Nice to see The New York Times come on board with editorial concerns today similar to those stated in our Outrage of the Week posting last Friday. You don’t often see an editorial dealing with technical business laws, like Section 404 of the Sarbanes-Oxley Act, but as the Times points out, and as we argued on Friday,
The Bush administration — with the vocal support of business interests — is arguing that the time is right to loosen some of the requirements of the Sarbanes-Oxley corporate reform law, passed after the scandals at Enron and WorldCom.
It also cites, as we did, a disturbing example of why the new laws are important to investors:
Last week, General Motors restated five years of financial results. In its annual report, the company warned that the lack of effective internal controls “could adversely affect our financial condition and ability to carry out our strategic business plan.”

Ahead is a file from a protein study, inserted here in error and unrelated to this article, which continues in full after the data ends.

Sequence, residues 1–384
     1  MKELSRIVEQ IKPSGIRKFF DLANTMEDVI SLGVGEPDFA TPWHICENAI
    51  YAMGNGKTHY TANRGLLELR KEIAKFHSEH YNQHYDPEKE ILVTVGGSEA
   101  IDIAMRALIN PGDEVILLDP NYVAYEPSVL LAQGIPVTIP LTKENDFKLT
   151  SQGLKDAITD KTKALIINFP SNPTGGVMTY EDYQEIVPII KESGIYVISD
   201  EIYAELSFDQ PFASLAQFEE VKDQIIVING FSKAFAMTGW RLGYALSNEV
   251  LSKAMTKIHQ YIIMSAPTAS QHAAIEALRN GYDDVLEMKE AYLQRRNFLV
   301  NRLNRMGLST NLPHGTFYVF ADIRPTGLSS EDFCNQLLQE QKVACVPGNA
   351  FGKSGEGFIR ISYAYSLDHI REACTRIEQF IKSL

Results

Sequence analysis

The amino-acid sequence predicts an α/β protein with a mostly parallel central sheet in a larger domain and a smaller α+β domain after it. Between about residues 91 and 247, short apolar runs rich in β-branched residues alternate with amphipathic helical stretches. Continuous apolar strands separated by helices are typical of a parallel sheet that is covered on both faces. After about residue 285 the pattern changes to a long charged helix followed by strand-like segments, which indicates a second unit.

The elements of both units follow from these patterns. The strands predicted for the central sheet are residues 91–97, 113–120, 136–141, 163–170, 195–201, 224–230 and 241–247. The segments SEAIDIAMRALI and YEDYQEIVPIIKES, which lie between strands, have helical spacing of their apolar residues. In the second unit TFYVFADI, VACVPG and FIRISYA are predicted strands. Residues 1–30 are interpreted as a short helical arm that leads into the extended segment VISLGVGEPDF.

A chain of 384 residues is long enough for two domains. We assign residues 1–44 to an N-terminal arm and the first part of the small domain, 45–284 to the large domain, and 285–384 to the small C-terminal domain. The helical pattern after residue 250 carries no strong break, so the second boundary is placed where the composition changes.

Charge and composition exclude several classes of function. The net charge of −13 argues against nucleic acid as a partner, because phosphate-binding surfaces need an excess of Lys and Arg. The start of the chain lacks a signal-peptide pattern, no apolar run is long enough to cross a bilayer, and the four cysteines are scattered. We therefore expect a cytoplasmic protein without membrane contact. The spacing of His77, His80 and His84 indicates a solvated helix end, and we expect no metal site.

The Times concludes:
While the new rules may be a hassle, it is clear that auditing internal controls is helping companies clean up their acts and it would be a serious mistake to weaken Sarbanes-Oxley.
We couldn’t agree more. Now, maybe the Times can take on another issue we have raised on these pages: all the SOX Form 52 certifications that CEOs have signed, from Apple and RIM to Nortel and GM, which previously attested to the accuracy of the financial results that are now being restated.